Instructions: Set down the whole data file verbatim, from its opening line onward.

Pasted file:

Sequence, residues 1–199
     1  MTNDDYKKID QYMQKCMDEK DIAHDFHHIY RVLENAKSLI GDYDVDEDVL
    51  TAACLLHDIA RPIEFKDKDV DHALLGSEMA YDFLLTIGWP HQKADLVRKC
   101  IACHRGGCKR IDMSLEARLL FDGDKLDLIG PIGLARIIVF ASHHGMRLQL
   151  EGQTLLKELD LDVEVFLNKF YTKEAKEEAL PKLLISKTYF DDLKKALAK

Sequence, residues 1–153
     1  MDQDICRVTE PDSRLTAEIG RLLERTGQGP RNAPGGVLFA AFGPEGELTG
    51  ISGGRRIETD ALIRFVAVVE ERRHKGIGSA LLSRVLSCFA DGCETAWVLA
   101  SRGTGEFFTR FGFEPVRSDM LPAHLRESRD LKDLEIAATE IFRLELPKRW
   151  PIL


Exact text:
Sequence, residues 1–199
     1  MTNDDYKKID QYMQKCMDEK DIAHDFHHIY RVLENAKSLI GDYDVDEDVL
    51  TAACLLHDIA RPIEFKDKDV DHALLGSEMA YDFLLTIGWP HQKADLVRKC
   101  IACHRGGCKR IDMSLEARLL FDGDKLDLIG PIGLARIIVF ASHHGMRLQL
   151  EGQTLLKELD LDVEVFLNKF YTKEAKEEAL PKLLISKTYF DDLKKALAK

Sequence, residues 1–153
     1  MDQDICRVTE PDSRLTAEIG RLLERTGQGP RNAPGGVLFA AFGPEGELTG
    51  ISGGRRIETD ALIRFVAVVE ERRHKGIGSA LLSRVLSCFA DGCETAWVLA
   101  SRGTGEFFTR FGFEPVRSDM LPAHLRESRD LKDLEIAATE IFRLELPKRW
   151  PIL